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dc.contributor.otherInternational Pump Users Symposium (5th : 1988)
dc.creatorShiels, Stan T.
dc.date.accessioned2017-10-05T21:47:17Z
dc.date.available2017-10-05T21:47:17Z
dc.date.issued1988
dc.identifier.urihttp://hdl.handle.net/1969.1/164302
dc.descriptionLecture
dc.descriptionpg. 93
dc.description.abstractProper pump specification and selection results in the best pump being purchased for the required service. Economic considerations may meant that “best” is not always the most efficient, best hydraulic fit or most expensive. As in most process or operational applications, the three primary areas of consideration are safety, reliability, and cost. Mechanical equipment requires periodic maintenance; therefore, maintainability must be included as a fourth area of concern. Prioritizing these four is a first step. Pump specification proceeds from this point. The entire process of specification and selection is a team effort involving various disciplines. Typical areas and personnel involved are process/operations, design, rotating equipment specialist, and purchasing, mechanical, and vendors. The complete process f centrifugal pump specification and selection is discussed as it involves these various disciplines. Primarily, some of the critical hydraulic areas of primary concern are addressed, along with the interrelationship between process requirements in these areas and the analytical approach to highlighting these areas in the selection process. The effect of pump design on suction specific speed, recommended minimum continuous flow and net positive suction head requirements are highlighted, together with process system variables which influence these parameters. The process is sequential and proper completion requires clear definition of the first step. Specifying the pump is not the first step after a brief review of boundary parameters. A full system analysis must precede pump specification. Pump vendors and most contactors are aware of this, but it is left to the user to address this need in the early stages. Only after completion of system analysis can we confidently proceed to pump specification, bid request, bid review and finally pump selection. The result of such a process is the selection of a pump which satisfies both process and mechanical needs.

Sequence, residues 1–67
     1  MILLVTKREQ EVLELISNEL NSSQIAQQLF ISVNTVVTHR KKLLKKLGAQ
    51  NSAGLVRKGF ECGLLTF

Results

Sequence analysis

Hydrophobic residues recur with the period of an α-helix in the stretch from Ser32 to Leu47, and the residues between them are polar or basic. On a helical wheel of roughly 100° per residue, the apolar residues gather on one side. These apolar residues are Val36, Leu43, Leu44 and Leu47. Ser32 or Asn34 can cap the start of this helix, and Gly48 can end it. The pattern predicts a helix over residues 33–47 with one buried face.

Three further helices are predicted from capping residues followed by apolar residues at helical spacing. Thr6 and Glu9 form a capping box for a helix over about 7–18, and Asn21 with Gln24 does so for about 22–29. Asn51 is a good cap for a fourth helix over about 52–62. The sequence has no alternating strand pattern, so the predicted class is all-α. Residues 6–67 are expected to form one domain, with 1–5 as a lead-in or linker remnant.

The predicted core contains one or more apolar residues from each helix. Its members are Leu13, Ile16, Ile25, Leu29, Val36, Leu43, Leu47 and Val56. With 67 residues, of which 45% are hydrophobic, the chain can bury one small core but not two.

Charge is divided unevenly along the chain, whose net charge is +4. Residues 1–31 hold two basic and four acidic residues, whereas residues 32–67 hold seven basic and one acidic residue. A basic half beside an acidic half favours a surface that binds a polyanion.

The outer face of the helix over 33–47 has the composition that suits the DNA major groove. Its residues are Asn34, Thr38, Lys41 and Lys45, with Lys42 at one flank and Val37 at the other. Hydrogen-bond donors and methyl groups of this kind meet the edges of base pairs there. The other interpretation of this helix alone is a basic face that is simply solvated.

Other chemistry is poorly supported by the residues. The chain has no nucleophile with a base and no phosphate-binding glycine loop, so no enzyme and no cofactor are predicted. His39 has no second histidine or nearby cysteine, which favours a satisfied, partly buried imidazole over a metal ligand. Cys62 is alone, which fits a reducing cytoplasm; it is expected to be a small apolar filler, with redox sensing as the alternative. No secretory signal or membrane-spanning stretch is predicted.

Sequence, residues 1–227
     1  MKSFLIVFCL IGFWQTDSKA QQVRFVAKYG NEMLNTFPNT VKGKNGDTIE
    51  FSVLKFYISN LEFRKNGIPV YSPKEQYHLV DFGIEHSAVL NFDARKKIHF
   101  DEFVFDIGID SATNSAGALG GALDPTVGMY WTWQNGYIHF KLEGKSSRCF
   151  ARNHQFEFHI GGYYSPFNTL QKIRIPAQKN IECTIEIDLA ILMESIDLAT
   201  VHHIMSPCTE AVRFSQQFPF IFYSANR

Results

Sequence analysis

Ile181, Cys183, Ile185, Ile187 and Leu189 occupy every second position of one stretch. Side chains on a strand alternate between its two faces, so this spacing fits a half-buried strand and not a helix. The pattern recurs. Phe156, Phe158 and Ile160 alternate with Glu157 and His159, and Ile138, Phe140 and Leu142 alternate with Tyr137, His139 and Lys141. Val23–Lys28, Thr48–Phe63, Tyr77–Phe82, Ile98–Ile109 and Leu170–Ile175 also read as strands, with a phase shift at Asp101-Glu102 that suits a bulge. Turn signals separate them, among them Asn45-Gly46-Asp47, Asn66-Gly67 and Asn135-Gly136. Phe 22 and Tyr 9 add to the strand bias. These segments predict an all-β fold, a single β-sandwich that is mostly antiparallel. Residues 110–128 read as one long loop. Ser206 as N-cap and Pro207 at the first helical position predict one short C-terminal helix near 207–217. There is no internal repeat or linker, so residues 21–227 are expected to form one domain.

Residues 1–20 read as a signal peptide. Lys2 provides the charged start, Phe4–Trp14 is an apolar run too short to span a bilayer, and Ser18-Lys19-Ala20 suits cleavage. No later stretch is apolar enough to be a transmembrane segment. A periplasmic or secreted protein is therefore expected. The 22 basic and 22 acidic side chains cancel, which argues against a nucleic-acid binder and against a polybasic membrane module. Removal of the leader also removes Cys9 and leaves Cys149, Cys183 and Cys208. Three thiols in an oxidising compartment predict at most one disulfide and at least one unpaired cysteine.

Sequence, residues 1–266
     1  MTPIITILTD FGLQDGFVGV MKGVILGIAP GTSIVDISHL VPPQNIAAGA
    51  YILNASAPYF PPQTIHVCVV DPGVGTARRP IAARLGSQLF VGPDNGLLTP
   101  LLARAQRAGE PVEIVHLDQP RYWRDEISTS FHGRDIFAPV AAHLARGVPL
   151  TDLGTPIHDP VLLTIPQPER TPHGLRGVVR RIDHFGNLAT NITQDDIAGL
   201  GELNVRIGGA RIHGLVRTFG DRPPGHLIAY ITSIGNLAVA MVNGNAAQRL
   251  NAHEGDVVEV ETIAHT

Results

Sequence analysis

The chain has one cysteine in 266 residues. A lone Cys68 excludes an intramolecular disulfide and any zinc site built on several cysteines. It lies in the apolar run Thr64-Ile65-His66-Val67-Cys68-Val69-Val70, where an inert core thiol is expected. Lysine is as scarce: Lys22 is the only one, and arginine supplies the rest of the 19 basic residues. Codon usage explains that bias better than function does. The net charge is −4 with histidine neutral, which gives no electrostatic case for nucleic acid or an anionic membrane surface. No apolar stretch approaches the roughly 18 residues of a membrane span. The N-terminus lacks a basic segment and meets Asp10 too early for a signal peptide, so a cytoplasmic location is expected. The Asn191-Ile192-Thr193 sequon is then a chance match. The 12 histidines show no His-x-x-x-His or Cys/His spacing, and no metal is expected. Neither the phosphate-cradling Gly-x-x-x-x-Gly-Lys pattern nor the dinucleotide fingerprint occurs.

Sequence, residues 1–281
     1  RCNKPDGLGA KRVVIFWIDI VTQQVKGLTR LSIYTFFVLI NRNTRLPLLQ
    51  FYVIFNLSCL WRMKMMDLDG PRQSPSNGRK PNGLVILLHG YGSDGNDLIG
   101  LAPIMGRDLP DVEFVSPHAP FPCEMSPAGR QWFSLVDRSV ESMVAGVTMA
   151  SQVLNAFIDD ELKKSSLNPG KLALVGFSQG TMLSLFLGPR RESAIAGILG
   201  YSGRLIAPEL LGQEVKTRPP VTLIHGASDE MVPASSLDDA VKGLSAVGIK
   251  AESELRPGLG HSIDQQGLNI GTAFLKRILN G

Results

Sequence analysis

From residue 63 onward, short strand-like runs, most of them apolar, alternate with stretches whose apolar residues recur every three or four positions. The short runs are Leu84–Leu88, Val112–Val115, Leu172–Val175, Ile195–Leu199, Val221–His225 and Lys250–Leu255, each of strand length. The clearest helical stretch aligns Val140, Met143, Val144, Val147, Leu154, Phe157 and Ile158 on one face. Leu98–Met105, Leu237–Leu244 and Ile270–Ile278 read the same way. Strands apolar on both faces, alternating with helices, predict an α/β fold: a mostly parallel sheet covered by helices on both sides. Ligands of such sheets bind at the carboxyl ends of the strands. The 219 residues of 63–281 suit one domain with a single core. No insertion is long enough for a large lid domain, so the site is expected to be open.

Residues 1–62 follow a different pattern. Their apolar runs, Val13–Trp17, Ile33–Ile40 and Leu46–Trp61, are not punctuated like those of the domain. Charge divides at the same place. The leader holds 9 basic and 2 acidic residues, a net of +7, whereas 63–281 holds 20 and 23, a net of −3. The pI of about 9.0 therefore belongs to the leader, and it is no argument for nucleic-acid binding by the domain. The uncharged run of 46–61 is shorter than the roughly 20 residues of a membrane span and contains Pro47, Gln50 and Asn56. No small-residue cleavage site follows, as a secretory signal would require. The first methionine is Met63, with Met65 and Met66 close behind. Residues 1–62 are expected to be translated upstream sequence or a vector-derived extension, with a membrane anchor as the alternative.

dc.format.mediumElectronic
dc.format.mimetypeapplication/pdf
dc.language.isoen
dc.publisherTurbomachinery Laboratories, Department of Mechanical Engineering, Texas A&M University
dc.relation.ispartofProceedings of the 5th International Pump Users Symposium
dc.subject.lcshPumping machinery
dc.titleCentrifugal Pump Specification And Selection - A System's Approach
dc.type.genrePresentation
dc.type.materialText
dc.identifier.doihttps://doi.org/10.21423/R10D72


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